Berryhill isn't the first restaurant to start its own food truck, however — a point which City Council has so far been ignoring during its ongoing discussion on proposed loosening of certain mobile food unit regulations.
Sylvia's Enchilada Kitchen has successfully run the mesquite smoker-equipped No Borders truck for nearly two years, and, more recently, the owners of Bistro Provence started the city's first all-French truck, L'es-Car-Go. Shawn Bermudez owns Royal Oak, a bar and grill, as well as the upcoming Pistolero's — but he's also a part owner in popular food trucks Golden Grill and Koagie Hots.
The relationship between restaurants and food trucks cuts both ways, too: Green Seed Vegan was finally able to open a brick-and-mortar restaurant after generating enough revenue from its Third Ward food truck, while culinary trio Ryan Soroka, Matt Marcus and Alex Vassilakidis are hard at work on opening a cafe built on the success of their food truck, Eatsie Boys.
When Anon's new food truck does finally get rolling, it'll be one of the biggest and baddest ones out there. Kevin Charif, the food truck manager, showed off the truck's toys along with Anon: a hot box to keep prepped food fresh, a flat grill, a fryer, a cool box, a sandwich station — even a full POS to take credit cards and a surround sound system for playing music and calling out orders.
And on board, the truck will serve an assortment of Berryhill's best items: its famous tamales (the same tamales that got Mick Jagger hooked, thanks to Billy Gibbons of ZZ Top) and equally famous fish tacos with spicy banana-habanero sauce; juicy hamburgers on torta buns with creamy asadero cheese and sauteed onions; Sonoran hot dogs on a light, crispy lobster roll-style bun; burritos ahogados; delicate slices of tres leches and refreshing glasses of fresh-squeezed mint-lemonade.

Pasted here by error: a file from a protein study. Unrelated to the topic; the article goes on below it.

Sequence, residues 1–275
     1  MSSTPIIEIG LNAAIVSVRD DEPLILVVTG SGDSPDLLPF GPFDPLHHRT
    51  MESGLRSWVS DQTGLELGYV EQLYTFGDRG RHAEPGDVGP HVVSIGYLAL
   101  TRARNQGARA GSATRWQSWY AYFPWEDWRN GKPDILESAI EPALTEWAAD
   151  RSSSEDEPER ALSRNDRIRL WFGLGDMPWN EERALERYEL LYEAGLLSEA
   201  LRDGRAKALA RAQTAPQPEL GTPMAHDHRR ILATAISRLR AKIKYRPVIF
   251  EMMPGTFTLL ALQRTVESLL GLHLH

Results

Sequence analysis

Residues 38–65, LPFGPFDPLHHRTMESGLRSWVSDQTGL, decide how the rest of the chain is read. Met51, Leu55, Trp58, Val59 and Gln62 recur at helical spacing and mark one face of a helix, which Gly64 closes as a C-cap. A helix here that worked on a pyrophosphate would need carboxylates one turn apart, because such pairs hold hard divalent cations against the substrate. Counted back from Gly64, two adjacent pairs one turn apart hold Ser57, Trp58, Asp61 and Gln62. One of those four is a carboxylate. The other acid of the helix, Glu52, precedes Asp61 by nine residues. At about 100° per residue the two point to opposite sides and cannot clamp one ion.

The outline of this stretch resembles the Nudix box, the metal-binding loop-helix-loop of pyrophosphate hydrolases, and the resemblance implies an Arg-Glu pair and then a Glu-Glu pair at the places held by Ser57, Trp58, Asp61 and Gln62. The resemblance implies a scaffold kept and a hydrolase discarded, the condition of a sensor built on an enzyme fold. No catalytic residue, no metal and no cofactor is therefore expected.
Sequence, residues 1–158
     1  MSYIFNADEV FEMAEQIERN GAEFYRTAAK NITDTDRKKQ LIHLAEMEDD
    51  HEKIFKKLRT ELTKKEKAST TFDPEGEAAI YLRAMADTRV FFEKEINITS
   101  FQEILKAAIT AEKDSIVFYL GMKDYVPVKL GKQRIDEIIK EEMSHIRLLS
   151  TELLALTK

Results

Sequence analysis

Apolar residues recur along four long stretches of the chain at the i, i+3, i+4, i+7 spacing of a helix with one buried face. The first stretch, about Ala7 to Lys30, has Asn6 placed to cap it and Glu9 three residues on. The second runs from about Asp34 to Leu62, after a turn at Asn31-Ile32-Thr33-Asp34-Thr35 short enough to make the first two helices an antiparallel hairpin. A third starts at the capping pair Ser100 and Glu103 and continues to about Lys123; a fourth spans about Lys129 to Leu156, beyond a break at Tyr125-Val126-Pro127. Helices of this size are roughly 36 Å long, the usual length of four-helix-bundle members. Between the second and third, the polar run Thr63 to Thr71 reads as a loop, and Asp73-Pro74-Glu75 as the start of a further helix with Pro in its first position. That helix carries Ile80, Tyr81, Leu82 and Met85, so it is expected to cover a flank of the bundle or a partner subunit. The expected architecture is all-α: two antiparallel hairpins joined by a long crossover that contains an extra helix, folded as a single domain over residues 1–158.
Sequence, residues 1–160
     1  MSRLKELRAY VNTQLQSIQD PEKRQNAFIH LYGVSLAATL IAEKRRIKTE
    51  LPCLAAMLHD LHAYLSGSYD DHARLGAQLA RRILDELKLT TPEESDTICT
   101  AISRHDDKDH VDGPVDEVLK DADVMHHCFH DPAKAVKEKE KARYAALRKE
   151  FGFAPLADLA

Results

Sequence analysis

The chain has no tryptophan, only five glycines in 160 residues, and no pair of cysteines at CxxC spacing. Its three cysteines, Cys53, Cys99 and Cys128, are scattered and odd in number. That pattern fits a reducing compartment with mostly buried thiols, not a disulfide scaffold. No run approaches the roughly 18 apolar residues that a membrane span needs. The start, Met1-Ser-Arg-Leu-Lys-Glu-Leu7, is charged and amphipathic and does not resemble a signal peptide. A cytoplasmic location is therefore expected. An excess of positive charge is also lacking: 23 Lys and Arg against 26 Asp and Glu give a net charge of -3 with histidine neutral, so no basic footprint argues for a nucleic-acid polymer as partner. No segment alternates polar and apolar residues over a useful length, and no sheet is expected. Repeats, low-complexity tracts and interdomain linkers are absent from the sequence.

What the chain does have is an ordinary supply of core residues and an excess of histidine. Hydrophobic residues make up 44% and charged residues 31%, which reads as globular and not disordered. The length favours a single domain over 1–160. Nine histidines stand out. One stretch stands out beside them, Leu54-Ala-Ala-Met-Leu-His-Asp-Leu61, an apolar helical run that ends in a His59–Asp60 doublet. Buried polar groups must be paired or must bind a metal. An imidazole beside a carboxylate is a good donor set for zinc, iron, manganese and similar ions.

Almost all the food at each Berryhill location (the five Anon-owned locations and the ten franchise operations) is made in-house, including its flour tortillas. "We source out our corn tortillas," admits Anon. "But that's about it." This policy will remain in place aboard the food truck, where only the bare minimum will be prepped at the Berryhill location on Post Oak — everything else on the truck will be made to order.
"If I'm going to do something," says Anon, who's been in the restaurant industry since he started washing dishes at 11 years old, "it's going to be exceptional." And his food truck — which he hopes will concentrate on office-heavy areas like the Energy Corridor and Greenway Plaza — looks to be no exception to his policy.
Outside, the rain had eased up a bit, and Anon exited the food truck to greet a delivery driver. The new sink for the truck had finally arrived. This last puzzle piece meant that Anon could get the truck on the streets in October. From afar, Anon's face fell. He grabbed his cell phone from his pocket and began making calls.
The sink was the wrong size. Berryhill Baja Grill is still idle right now, but hopefully not for long. Katharine Shilcutt
Openings & Closings
Expansions and transformations.
Ever since the planned second location in the Heights for Killen's Steakhouse fell through, Ronnie Killen has been keeping busy back home in Pearland. There he's currently in the process of transforming his popular steakhouse into Killen's BBB.
Writing for CultureMap, Ruthie Johnson Miller says the new Killen's BBB (which stands for barbecue, burgers and beer) will "offer things like brisket, ribs, sausage, barbecued chicken, potato salad, and beans."